Websites and helplines for all your caregiving needs. Connects Caregivers Connects Caregivers

Contributing Editor

By the time Corry Horsman, of Edmonton, Alta., discovered the U.S. website three years ago, she was at her wit’s end.

Her mother Cornelia, who has dementia, refused to go to sleep. Even after she did—at one o’clock in the morning—she’d try to leave her condo or would fall attempting to go to the bathroom.

Horsman, a full-time caregiver, had to go to work every morning. She was exhausted and occasionally angry. “I’m in my 60s,” she says. “I’m not young any more and that was part of the problem.”

So she signed up for’s weekly Steps & Stages custom care guide by typing in a few details about the progress of her mother’s dementia on the site. Within days she got a newsletter filled with useful tips such as how to get a person with dementia to shower, to foods that are easier to eat.

More importantly, connected Horsman with others at the same stage of caregiving.

One online poster suggested she put a commode by her mom’s bedside so she didn’t have to go far to relieve herself at night. Another advised getting a door alarm. “Even if no one really had a good solution, I felt that someone understood what was happening and they empathized,” Horsman says.

Although has information on all kinds of care, some 65 percent of its site visitors are caring for people who have Alzheimer’s Disease or dementia. “We like to say that we’re giving people low-beam headlights so they can see what’s ahead and get ready for it,” says Andy Cohen, president, CEO and co-founder of

Cohen knows what it’s like to be peddling frantically. His involvement with caregiving started with a phone call in 2006.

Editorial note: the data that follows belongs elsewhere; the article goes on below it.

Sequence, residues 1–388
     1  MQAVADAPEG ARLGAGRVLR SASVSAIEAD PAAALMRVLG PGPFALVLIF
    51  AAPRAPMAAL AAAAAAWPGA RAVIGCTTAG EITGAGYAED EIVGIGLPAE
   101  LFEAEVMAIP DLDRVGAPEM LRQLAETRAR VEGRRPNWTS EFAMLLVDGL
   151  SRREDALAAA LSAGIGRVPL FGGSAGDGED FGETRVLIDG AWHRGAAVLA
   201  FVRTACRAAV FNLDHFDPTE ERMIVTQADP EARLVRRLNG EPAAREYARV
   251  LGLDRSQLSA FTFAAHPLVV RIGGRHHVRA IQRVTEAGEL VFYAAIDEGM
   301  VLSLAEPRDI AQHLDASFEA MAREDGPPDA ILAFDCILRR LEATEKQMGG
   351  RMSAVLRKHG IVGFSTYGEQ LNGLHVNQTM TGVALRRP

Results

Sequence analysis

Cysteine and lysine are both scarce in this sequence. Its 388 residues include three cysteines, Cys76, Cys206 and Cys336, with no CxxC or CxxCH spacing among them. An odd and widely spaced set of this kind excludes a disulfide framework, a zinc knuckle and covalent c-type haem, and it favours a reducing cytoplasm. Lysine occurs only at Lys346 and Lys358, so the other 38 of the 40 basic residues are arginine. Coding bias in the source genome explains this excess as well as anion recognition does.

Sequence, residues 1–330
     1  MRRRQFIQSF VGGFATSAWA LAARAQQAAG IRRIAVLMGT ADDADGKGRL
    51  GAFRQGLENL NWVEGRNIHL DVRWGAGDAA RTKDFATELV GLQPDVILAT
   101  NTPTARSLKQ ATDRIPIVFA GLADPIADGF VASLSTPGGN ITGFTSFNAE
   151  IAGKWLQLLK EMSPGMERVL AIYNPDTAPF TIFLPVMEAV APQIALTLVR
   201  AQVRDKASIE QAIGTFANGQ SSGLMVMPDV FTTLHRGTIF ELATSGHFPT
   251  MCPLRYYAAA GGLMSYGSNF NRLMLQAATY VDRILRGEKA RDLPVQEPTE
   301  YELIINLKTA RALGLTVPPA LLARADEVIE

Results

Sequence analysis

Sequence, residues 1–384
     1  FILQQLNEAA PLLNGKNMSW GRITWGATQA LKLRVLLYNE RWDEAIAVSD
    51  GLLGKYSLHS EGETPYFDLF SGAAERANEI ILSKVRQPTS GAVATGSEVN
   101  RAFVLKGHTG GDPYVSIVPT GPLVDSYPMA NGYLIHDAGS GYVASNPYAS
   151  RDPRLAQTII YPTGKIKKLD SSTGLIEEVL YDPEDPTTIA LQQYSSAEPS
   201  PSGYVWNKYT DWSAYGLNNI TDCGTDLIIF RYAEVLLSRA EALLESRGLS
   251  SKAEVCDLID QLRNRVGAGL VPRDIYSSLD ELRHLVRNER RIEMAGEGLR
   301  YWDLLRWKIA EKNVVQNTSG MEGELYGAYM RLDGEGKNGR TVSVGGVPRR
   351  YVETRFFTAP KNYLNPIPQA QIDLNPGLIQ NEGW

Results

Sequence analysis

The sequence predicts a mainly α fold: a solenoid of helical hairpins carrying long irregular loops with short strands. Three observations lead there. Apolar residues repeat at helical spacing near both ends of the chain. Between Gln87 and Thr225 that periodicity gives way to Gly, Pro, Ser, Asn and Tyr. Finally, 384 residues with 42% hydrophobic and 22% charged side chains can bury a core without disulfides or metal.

His mom had lung cancer. Suddenly the mother who had nurtured him was struggling for her life. Since Cohen’s father had died several years earlier, he and his sister Elissa were plunged into the role of long-distance caregivers.

“My mom was in Chicago and I was in Silicon Valley,” says Cohen. “I spent a lot of the year flying back and forth trying to help my mom fight the cancer.”

Then, he and his sister had to figure out how to ensure their mother was comfortable in her own home. “We had to get a hospital bed and line up all the resources she needed,” he says. It was “really hard and we made a lot of mistakes.”

After his mother’s death in 2006, he started for adult children or spouses acting as caregivers. “I wanted to give those people who were going through what my sister and I went through help to make it a little bit easier,” he says.

The U.S.-based website now attracts 2.5 million readers monthly with targeted tips, as well as advice on making the right financial and legal decisions, choosing products to help with daily living, and reviews of in-home and respite care and assisted living.

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Camilla Cornell

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